....Samuel Bowley Barnes (b 1872 in Wimborne, Dorset) and Albert Edward Mullins (b 1873 in Bristol) were boyhood friends in their home town of Wimborne where they worked together at the local grocers shop.
As young men they decide to join forces to become dealers in musical instruments; mainly selling banjos and mandolins in which they were particularly interested.
Being players of no mean ability their public appearances helped them to sell their goods and soon they were despatching instruments all over the country, also because of their advertising and the launching (in February 1894) of their monthly fretted Instrument magazine called “The 'Jo." ("The 'Jo" title was changed to “The Troubadour" after a couple of years.)
Both their sets of parents had died during the 1880's and while Mullins was living with his brother in law in 1891 neither appear on the 1901 census.
They started to sell their "own" make of banjo but these were made for them by J. G. Abbott, W. E. Temlett. Windsor, Matthew, etc. - the usual makers "to the trade" at that time.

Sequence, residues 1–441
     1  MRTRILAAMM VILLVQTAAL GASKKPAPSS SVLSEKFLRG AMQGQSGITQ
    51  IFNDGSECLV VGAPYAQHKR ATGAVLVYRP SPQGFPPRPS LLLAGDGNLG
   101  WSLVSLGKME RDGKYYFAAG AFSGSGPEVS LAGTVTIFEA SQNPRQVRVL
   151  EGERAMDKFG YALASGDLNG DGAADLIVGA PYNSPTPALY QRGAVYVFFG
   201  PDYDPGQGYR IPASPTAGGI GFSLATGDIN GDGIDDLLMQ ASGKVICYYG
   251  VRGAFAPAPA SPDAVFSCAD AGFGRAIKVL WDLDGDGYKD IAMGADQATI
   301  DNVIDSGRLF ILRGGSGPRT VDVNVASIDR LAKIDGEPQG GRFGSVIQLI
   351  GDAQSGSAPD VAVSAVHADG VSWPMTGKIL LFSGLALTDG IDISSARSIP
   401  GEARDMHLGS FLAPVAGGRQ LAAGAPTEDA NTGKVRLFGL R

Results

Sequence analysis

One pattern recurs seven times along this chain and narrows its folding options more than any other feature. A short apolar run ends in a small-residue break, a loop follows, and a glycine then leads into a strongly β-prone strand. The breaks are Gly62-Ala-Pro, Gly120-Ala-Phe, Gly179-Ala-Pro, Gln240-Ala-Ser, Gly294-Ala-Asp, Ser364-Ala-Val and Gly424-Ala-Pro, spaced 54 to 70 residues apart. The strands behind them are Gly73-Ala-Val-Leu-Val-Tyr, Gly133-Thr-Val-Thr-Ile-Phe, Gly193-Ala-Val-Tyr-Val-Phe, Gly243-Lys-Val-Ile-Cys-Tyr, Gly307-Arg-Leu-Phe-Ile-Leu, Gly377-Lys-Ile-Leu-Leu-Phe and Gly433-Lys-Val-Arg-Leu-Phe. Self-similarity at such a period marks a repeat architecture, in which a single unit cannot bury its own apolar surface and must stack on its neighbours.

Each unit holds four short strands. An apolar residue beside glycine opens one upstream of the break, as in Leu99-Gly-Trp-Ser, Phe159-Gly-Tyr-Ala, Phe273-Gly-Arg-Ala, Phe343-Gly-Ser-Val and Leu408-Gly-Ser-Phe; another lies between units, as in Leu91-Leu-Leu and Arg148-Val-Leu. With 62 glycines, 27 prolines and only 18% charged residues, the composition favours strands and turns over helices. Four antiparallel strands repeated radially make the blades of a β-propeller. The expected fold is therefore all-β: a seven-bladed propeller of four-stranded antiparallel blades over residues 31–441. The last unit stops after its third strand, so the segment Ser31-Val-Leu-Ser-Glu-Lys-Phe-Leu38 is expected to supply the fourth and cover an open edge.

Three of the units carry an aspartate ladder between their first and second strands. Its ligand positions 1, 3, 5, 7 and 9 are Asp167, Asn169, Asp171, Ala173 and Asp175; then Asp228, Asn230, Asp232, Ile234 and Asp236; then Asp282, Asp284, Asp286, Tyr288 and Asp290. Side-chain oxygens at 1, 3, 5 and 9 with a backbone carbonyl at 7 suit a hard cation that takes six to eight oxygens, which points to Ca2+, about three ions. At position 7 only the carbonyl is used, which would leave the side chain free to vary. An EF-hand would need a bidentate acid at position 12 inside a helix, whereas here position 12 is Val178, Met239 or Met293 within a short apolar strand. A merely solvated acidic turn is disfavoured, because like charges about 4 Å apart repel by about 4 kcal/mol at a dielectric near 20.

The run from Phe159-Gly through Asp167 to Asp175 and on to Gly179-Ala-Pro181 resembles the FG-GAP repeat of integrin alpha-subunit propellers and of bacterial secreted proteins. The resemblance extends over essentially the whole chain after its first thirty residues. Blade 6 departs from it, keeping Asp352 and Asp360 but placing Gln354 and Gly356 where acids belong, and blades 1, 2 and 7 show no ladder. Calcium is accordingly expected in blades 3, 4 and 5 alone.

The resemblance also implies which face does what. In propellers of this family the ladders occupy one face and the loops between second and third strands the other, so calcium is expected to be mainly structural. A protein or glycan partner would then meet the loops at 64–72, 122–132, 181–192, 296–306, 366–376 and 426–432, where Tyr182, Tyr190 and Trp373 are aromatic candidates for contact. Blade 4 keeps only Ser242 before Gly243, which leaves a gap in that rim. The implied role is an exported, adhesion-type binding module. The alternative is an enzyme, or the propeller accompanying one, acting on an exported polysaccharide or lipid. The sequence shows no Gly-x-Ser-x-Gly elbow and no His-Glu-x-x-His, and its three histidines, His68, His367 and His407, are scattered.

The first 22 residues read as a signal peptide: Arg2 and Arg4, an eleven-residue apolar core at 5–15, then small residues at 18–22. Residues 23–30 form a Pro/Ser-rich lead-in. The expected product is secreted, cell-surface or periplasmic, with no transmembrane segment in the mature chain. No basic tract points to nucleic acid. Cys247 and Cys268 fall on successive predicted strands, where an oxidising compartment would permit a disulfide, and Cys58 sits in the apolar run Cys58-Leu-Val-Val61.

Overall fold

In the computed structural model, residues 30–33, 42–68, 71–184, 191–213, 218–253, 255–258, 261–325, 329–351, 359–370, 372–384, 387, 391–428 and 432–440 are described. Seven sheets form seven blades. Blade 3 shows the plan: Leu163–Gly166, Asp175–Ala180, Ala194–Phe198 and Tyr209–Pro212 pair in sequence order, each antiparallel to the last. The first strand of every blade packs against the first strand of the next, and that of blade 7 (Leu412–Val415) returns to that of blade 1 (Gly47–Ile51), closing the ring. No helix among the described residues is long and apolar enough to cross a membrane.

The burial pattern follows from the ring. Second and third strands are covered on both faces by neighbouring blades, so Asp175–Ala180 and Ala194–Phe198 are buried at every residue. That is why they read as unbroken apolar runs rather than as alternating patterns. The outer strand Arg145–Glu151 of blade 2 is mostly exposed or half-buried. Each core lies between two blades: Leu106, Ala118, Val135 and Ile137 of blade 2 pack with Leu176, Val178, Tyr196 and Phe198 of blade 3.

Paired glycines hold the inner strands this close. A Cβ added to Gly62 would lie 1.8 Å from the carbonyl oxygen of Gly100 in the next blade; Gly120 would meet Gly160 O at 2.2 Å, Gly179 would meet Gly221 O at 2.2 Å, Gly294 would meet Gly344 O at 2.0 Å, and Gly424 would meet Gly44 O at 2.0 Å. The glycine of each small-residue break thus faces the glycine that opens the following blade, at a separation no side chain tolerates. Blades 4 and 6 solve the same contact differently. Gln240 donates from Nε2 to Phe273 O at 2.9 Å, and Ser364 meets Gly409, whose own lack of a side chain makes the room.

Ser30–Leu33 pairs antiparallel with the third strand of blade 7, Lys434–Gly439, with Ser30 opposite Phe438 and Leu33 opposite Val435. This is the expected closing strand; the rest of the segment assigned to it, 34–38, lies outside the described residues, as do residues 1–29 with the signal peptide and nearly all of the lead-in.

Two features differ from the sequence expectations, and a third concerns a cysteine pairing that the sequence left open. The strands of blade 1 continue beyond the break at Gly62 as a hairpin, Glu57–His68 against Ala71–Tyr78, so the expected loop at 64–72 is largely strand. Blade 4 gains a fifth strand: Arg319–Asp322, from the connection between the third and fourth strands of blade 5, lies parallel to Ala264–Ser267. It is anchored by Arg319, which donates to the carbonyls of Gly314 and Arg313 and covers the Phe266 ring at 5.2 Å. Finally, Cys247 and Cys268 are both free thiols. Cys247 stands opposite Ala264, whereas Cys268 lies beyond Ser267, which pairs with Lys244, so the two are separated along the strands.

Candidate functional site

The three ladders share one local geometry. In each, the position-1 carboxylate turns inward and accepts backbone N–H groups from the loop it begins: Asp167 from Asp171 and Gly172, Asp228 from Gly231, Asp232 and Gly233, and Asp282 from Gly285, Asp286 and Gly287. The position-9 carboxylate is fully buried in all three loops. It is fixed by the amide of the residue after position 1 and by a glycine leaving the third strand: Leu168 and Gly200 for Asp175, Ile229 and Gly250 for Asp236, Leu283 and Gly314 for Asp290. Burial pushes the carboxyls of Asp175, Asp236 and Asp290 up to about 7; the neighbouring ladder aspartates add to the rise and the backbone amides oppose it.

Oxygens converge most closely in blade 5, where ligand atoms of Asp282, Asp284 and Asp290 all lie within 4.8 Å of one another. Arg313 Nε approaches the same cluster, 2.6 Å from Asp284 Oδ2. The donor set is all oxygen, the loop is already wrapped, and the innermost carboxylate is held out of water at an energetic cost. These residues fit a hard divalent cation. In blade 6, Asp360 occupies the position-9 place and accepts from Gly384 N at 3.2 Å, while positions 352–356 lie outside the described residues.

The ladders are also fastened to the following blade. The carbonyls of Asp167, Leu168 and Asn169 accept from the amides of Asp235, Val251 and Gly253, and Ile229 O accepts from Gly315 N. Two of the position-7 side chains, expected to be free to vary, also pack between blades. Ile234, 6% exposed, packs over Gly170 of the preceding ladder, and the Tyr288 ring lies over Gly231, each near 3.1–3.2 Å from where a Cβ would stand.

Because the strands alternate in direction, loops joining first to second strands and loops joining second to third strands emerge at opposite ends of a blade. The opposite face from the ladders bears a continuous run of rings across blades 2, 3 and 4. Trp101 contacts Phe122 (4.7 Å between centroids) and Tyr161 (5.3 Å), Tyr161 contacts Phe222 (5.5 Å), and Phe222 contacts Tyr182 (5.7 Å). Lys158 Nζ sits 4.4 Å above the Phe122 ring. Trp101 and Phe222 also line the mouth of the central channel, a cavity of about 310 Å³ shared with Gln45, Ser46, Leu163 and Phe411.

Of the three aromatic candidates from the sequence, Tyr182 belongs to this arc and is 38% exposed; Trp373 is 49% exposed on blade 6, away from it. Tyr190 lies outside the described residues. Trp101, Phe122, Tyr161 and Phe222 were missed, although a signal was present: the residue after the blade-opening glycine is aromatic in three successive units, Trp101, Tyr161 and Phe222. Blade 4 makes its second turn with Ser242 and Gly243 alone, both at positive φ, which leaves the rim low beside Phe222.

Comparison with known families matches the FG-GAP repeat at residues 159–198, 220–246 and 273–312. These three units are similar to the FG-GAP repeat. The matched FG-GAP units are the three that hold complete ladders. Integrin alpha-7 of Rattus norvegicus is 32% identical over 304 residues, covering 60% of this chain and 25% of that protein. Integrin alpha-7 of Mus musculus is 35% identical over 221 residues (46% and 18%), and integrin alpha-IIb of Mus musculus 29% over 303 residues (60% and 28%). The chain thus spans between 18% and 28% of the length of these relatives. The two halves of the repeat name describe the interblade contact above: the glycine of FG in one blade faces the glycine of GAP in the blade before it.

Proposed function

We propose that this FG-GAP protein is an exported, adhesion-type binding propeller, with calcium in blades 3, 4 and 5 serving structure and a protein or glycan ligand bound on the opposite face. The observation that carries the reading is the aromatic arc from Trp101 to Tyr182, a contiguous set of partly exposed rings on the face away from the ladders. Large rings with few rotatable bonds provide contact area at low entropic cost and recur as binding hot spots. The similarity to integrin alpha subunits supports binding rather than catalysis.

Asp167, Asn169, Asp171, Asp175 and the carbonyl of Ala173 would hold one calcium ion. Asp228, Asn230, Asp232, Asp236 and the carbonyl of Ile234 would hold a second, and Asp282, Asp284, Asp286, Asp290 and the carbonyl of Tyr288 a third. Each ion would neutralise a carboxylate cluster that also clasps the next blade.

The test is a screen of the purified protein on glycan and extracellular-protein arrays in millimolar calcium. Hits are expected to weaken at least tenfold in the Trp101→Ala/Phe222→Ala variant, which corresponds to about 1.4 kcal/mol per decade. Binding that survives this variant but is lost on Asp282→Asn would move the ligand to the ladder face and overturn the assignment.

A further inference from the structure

It was in 1897 they patented their “mute attachment" which was fitted to B. & M. zither-banjos and worked from under the vellum. At the end of 1900 they moved to London and established themselves at Rathbone Place, off London's Oxford Street, as a wholesale house in all musical instruments and merchandise and, soon after, started their own workshops at Harrow, Middlesex. which at first were under the supervision of John G Abbott.
During the dance-band boom they marketed- their "Lyratone" banjos, plectrum banjos and tenor-banjo which enjoyed considerable popularity. A feature of these instruments was the all-metal construction of the hoops. In 1924 Barnes was granted a patent simplifying the tensioning of the skin on a zither banjo through a redesigned tension ring.
They ceased making banjos soon after the outbreak of World War II. the instruments branded "B. & M." sold from about 1965, have been made for them in Germany.